In some cases the whistleblowing incident may not be reported to the organisation following the above procedure, for example it might be published in a news item. In such cases, as soon as a member of staff or volunteer becomes aware of the incident the following procedure should be followed:

1.    The matter should be immediately reported to the CO, or if there is potential involvement of the CO, then to the Chair of Trustees (contact details can be found below). If you are concerned that it involves both individuals, you should try to contact another member on the Board or seek advice from a third party, such as Reading Voluntary Action or the Charity Commission.

2.    The CO will immediately discuss the matter with the Chair of Trustees and convene an emergency Trustee meeting with a quorum of Trustees present to identify the best course of action, including (but not limited to):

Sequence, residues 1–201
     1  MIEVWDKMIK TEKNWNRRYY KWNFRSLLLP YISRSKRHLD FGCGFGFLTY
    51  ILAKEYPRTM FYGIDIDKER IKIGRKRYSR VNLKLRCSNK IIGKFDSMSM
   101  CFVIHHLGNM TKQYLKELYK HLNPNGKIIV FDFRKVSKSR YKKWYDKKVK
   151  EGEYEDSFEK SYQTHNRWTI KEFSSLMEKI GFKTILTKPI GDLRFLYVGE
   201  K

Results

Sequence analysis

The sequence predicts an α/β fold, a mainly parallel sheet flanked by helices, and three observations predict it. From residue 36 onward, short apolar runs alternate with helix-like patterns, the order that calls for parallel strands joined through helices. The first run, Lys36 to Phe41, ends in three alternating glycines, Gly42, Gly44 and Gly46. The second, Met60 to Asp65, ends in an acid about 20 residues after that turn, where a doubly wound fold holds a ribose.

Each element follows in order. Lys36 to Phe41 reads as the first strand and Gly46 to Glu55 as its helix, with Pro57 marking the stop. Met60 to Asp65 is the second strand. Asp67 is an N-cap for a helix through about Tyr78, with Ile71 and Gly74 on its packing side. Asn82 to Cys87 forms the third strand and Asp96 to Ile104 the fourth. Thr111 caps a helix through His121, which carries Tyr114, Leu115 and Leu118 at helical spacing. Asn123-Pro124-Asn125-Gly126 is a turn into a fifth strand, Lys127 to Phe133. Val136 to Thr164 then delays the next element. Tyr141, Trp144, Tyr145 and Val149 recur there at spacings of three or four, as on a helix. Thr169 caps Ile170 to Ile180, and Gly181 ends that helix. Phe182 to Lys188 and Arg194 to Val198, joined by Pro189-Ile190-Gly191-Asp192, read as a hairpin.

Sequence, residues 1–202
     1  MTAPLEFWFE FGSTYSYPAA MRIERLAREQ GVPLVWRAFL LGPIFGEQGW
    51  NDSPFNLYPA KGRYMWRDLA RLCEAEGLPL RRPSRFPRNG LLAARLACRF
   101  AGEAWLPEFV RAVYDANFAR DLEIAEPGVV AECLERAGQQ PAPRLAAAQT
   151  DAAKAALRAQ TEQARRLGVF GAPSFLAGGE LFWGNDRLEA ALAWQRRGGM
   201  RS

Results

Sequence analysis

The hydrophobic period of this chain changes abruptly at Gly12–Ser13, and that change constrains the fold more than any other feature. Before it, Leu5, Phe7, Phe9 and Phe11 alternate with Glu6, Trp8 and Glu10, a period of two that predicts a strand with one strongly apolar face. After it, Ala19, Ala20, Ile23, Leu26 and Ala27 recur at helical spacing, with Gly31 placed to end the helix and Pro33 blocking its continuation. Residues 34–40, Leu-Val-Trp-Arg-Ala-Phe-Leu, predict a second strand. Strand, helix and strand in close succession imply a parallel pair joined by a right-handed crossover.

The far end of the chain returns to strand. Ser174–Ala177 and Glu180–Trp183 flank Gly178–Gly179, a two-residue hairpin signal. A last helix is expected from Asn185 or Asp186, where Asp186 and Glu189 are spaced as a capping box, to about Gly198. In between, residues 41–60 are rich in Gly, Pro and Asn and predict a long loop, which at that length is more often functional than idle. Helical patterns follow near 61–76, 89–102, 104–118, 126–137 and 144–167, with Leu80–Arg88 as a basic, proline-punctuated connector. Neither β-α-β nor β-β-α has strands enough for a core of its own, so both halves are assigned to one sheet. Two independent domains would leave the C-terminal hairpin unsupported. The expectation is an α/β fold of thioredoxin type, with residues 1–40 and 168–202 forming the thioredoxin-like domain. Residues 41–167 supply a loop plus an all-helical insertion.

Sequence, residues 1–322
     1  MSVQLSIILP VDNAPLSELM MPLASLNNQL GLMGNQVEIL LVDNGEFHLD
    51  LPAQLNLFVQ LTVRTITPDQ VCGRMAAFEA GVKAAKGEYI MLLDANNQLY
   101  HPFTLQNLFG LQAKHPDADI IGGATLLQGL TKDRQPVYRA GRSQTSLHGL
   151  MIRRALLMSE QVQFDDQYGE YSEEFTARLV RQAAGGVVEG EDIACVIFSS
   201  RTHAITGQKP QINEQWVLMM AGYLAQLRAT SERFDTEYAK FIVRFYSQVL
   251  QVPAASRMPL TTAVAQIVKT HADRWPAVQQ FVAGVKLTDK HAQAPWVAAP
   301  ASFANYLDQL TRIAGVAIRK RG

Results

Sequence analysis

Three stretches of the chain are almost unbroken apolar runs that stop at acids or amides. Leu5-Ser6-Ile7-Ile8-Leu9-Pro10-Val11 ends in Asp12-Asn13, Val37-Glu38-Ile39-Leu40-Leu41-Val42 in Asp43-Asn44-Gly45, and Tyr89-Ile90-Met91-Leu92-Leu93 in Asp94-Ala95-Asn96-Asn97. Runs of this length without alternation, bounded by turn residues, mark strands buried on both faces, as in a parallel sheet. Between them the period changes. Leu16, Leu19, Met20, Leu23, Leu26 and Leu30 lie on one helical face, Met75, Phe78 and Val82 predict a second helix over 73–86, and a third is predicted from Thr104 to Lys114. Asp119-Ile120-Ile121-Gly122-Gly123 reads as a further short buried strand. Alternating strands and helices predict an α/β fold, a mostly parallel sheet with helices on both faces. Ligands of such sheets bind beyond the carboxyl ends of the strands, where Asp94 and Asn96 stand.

·         What action should be taken to safeguard any service users and/or charity resources without delay, including notifying the authorities, making any safeguarding referrals where appropriate and ensuring that any alleged perpetrator does not have continued access to service users or charity resources whilst at the same time ensuring that this does not compromise any criminal proceedings. If necessary advice should be immediately sought from the authorities, social services or a solicitor.